Supply chain crisis: How it affects holiday shopping

High demand, combined with supply chain delays, material shortages and problems in hiring workers, reduces the availability of goods both online and in stores. As customers get closer to the last minute, physical stores will become a more appealing option for shoppers than waiting for delivery, analysts expect.

Although customers can not find exactly what they are looking for in a store, it is usually easier to search around for an alternative in person – and they can try it.

“Muds and mortar may be more attractive to consumers later in the season,” Rod Sides, vice president of Deloitte and head of its U.S. retail and distribution practices, said in an email. “Shoppers can leave with goods in hand, instead of waiting for promised dates from shippers.”

Consumers saw more than 2 billion sold-out messages while surfing online in October, according to Adobe Analytics. This is a big reason why sales in physical stores will increase by 8% this year – a 10-year high – as shoppers return to personal shopping and try to avoid shipping delays, according to property analysis firm CBRE.

Analysts also believe that online shopping, pickup in store orders will boom this holiday due to shipping issues.

Shoppers will lean on pick-up at the curb “more than ever to give them peace of mind about their holiday shopping” with waiting times and out-of-stock items high on consumers’ minds, said Andrew Lipsman, a retail analyst at market research firm Insider Intelligence .

Retailers will greatly promote pickup as an option for customers on their websites and mobile apps, in marketing emails and on TV to appeal to customers who are nervous about buying online late in the season, Lipsman expects.

Stores say they have more control over inventory in stores and through pickup next door than they do with home delivery orders – meaning they are less likely to make a mistake or delay an order.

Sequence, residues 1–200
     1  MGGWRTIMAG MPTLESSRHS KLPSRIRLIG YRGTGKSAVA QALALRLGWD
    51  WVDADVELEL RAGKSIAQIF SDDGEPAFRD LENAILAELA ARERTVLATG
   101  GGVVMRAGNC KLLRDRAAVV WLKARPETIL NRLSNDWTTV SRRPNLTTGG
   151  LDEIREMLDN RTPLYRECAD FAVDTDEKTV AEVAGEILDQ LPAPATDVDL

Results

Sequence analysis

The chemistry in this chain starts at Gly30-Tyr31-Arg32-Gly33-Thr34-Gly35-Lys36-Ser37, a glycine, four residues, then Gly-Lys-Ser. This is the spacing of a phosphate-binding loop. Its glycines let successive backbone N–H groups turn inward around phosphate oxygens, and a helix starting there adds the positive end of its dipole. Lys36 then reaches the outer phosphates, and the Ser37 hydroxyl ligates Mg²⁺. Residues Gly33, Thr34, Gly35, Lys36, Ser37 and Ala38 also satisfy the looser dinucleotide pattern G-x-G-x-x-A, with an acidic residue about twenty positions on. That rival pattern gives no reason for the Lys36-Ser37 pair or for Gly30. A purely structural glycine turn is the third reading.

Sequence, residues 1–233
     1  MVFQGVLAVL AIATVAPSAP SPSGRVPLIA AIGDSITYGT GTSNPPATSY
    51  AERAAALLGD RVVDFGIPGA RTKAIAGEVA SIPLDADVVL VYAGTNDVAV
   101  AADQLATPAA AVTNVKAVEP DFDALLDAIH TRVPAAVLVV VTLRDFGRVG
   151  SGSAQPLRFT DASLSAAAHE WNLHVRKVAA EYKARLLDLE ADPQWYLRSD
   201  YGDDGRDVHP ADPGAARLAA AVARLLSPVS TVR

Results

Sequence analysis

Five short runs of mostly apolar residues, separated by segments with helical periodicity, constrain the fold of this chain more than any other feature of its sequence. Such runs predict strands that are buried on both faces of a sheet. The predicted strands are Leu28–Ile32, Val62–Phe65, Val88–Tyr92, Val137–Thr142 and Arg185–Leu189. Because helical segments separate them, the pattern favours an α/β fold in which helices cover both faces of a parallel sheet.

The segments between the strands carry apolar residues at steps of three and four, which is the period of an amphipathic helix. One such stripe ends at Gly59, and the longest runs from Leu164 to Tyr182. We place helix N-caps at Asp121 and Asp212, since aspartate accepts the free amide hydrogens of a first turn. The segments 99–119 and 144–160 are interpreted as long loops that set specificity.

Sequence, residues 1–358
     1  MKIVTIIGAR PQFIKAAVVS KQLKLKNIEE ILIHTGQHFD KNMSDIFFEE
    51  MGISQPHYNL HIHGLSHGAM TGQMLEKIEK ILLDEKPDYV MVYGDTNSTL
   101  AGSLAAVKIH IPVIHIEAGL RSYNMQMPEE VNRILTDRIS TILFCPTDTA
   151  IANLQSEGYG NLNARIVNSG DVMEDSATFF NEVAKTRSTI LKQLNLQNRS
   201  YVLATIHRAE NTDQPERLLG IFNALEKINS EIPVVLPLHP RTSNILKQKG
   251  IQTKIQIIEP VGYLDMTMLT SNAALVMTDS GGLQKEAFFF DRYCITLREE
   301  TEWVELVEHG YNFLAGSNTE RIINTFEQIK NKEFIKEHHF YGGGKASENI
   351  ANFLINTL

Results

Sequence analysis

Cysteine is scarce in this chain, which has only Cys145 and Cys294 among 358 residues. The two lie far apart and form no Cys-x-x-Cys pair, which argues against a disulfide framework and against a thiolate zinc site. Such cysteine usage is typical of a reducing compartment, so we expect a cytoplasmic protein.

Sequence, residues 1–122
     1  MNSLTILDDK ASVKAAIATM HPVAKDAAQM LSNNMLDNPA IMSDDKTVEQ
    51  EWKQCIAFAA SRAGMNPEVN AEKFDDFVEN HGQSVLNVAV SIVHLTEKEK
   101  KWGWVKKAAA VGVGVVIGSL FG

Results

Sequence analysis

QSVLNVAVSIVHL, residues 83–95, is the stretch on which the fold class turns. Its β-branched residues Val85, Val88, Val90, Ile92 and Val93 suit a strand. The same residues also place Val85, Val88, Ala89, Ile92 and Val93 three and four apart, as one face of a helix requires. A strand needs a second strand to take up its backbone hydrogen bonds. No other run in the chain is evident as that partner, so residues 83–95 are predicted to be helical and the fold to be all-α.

“The closer I got [to the holiday]”I would definitely use the ship to store because it will give me more confidence to be able to actually get things done on time,” said Ben Johns, general merchandising manager for action sports at the outdoor equipment retailer REI, in a recent interview.

When customers order online and pick up their goods in stores, products are either already in the store, or REI sends them from one of its department stores using its own trucks. This means that REI does not have to rely on third-party vendors it has less control over delivering to customers’ homes, he said.

$ 5 discount on orders and free blankets

Retailers have an incentive to draw customers into their stores.

It is typically more profitable for retailers to get you to shop in person than to order a home for you because they have to pay expensive last mile delivery costs. Return prices are also higher for items purchased online, and retailers have to pay for customers’ returns.

Top retailers are pushing customers this year to visit their physical stores to shop or order online and pick up their items in person.

Kohls (KSS) offers customers a $ 5 discount on orders when they pick them up in stores. It also tries to make the pick-up process easier for customers by adding temporary new pick-up locations and designating more parking spaces for pick-up, as well as a self-pick-up test where customers can access their orders using a link and a code.

Kohl’s expects increased demand for pickup orders this year, in part because it “eliminates the extra stress of waiting for packages to arrive right outside the door,” said Paul Gaffney, Kohl’s chief technology officer and supply chain manager, in an email.

How to find lower prices and avoid empty shelves during the Christmas shopping rush
Carters (SHOUT), the children’s clothing chain, offers customers gifts as an added benefit if they buy items on specific days in stores – but not online – such as blankets from November 19 to November 21 and a Skip Hop toy from December 10 to December 12.

Randa Apparel & Accessories, which sells brands like Levi’s, Tommy Hilfiger, Calvin Klein and others, has shifted a large portion of its advertising spending to push customers to stores instead of buying online. It also directs more of its inventory to stores than e-commerce.

“When inventory is limited, we prefer to drive consumers to in-store purchases over online purchases,” said David Katz, Randa’s chief marketing officer.

Customers who buy products in the stores are more profitable for Randa than online sales, which often come with “very large reverse logistics costs” on return orders. “We paid for the tuition for this training and it was an expensive lesson to learn,” he said.

When shoppers enter stores, they also tend to make impulse purchases or buy related items nearby – for example, belts near the pants they buy. This happens less often when you shop online.

In general, Katz said, “the level of frustration is lower when you go for mortar and mortar, especially when inventory is limited.”

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